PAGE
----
When brainstorming our first-ever food lover’s issue, we knew we had to include a list of (some of) the West’s stellar dishes. But with so much buzz around food, and the sheer volume of good, fresh food out there, it was a daunting task to determine exactly what should make the cut. To help, we partnered with Chefs Feed, an app that sources food recommendations straight from the people who know it the best—chefs.
The result? 34 delectable dishes, spanning Seattle to Santa Fe, from classic old restaurants to strip-mall joints you might walk right by if a chef hadn’t told you: “Go there—now.”
We sat down with founders (and brothers) Steve and Jared Rivera to get the scoop.
How did Chefs Feed come to be?
Before selling our restaurant-marketing firm, we were working with hundreds of the best chefs in San Francisco: Josh Skenes of Saison, Ruggero Gadaldi of Beretta, Jennifer Puccio of Marlowe and Park Tavern.
Naturally, every client meeting began with talk about food: “Have you tried the such-and-such from restaurant so-and-so?” Food gossiping, if you will, but all positive—there was never any time or desire to talk about bad food. We were diligent about keeping a list of these food recommendations; I mean, if these chefs are the best at cooking, then the food they like to eat in their spare time must be pretty darn good—right? A meal is a terrible thing to waste, and as this list kept growing, our bad meals started shrinking. It became a foodie bible.
Fast-forward to the end of these client meetings, which usually concluded with banter about the ridiculously inaccurate user-generated reviews of their restaurants. We realized there was an opportunity to shift the power of the reviewer to the professional palates (the chefs) simply by sharing this growing foodie bible. Enter Chefs Feed 1.0.
What was the “a ha” moment?
We formed a partnership with Virgin America. They flew us around the country to shoot a Chefs Feed documentary and, in doing so, we sat down with hundreds of the nation’s top chefs.
The outpour of support from these chefs in response to what we wanted to build was so positive and overwhelming, that we knew we were on to something potentially game-changing for our industry. Just like the chefs we worked with, these chefs all had great food recommendations, and they were tired of user-generated review sites. So we took a risk and went all in.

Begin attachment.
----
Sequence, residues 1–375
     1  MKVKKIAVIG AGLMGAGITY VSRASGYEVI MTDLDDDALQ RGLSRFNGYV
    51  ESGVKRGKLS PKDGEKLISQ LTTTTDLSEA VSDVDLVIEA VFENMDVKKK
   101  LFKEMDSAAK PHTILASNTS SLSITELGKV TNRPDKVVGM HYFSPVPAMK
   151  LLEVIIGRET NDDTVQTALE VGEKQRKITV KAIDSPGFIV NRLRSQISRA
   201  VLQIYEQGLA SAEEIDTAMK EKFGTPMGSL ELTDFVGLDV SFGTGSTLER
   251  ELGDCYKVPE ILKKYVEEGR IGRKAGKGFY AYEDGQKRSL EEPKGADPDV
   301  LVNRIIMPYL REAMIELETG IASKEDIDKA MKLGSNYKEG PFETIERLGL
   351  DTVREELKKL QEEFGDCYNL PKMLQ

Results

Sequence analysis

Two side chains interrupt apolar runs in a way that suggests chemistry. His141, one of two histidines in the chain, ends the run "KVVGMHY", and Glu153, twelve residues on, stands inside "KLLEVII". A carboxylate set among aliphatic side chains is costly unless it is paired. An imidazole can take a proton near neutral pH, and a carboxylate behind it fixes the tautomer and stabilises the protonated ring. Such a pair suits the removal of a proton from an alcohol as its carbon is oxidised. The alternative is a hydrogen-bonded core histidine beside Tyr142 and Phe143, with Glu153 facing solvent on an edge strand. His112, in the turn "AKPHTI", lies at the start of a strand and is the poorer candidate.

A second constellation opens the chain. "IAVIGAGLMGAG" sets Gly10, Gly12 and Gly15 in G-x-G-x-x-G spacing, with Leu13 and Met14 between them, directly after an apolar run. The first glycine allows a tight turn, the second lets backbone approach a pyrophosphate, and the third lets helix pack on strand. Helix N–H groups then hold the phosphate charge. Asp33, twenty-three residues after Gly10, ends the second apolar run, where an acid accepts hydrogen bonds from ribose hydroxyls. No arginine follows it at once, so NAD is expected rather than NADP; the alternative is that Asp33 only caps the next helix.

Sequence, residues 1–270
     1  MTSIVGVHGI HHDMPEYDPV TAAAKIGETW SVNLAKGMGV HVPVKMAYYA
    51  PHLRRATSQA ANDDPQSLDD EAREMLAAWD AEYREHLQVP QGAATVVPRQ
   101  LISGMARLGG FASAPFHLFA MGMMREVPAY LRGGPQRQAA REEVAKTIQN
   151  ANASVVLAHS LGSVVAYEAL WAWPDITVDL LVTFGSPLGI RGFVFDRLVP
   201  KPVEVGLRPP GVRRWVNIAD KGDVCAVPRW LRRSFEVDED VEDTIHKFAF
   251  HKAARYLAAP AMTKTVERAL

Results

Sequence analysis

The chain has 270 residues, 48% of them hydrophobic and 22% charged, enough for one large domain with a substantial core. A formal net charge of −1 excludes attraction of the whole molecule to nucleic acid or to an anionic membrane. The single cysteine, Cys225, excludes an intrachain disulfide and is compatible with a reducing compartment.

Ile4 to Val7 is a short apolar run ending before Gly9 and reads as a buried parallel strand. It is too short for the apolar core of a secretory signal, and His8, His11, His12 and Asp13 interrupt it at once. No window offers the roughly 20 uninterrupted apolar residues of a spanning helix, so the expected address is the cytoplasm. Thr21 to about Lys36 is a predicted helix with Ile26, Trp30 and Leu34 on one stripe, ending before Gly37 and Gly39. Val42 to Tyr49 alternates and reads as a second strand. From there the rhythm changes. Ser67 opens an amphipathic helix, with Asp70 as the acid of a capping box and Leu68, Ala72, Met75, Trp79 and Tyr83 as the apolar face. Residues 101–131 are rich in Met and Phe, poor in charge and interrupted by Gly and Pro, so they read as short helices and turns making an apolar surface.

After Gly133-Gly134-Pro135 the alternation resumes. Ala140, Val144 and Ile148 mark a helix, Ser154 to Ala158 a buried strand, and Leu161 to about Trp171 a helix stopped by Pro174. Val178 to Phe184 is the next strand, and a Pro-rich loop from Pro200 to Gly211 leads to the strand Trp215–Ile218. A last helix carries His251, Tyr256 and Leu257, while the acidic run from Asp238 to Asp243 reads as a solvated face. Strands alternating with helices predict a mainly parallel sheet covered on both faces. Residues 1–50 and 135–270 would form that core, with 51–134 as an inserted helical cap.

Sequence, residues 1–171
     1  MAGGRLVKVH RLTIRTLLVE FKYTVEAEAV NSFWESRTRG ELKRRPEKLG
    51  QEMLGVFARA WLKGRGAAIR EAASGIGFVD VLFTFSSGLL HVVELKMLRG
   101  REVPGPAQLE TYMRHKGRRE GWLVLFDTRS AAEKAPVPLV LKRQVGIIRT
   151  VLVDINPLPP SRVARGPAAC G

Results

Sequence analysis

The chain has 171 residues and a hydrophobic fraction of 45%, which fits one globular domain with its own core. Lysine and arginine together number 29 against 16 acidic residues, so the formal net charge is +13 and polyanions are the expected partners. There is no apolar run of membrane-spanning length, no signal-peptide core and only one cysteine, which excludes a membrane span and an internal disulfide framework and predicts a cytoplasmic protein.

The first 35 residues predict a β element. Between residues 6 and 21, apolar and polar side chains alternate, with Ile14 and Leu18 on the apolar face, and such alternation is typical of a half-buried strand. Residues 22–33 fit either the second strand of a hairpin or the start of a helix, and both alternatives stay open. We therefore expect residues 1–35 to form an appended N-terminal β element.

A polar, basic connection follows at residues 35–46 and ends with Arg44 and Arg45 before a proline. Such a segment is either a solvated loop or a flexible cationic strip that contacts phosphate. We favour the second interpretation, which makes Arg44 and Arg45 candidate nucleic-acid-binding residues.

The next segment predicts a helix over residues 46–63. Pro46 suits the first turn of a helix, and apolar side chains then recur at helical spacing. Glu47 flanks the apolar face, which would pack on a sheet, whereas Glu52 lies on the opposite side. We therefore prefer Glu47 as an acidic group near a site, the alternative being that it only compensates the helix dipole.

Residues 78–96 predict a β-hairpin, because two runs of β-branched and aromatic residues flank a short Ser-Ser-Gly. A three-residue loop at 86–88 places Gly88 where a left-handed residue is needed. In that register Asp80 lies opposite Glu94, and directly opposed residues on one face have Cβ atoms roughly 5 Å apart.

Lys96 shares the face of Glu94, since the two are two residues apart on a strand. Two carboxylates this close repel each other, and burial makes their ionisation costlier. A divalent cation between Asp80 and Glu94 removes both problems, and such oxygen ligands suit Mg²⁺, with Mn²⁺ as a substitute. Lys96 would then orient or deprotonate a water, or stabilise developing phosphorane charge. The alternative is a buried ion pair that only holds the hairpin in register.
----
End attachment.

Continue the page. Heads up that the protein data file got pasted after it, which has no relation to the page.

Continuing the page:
The 30 pounds I put around my waistline, and the gout I contracted in my foot from eating at over 500 restaurants in six months while shooting the documentary was also an “a ha” moment, but more of an “ah sh*t, I need to go on a diet“ moment.
You guys seem to be a pretty tight-knit team. What’s the best (and worst) part about working with your brother?
You’re given a brother, but you choose your best friend. My best friend and I were raised with the same morals and values, but inherited very different strengths and weaknesses which enable us to be very good business partners. We also happen to be brothers by birth.
The hardest part is disengaging from our work. We’re co-owners of a rapidly growing business which means we live and breath (and eat) our company. We have, however, found that there’s a direct correlation between disengaging from work and wine consumption. Luckily, we moonlight as winemakers for our Napa Valley family vineyard, so its getting easier and easier to disengage these days.
Top three Chefs Feed stats?
Most recommended dish: Tajarin al ragù o burro e salvia from Cascina Spinasse in Seattle with 7 chef picks
Most planned dish: Porchetta Sandwich from Roli Roti in SF
Most eaten dish: Umami Burger from Umami Burger in Los Angeles
What dish do you eat the most?
Tough one. It’s kind of like picking your favorite kid here, so I’m going to say the newest one. Chefs are finding dishes that they love at other restaurants, and adding them to their profile directly. We see this and rush out to try the latest and greatest—for quality control purposes, of course.
Currently we’re in 20 cities—going on 45 this year—including breaking ground in international markets. We’ve also created a television pilot that we’re shopping to the networks, and we’re scaling Chefs Feed across other platforms including the web, Android, and iPad. We’re also putting together special events, starting with a Chefs Feed culinary weekend slated for early April with the Four Seasons Hualalai and a couple of our contributing chefs (Danny Bowien of Mission Chinese and Joey Campanaro of Little Owl).
And on that note, aloha, because we need to get back to work!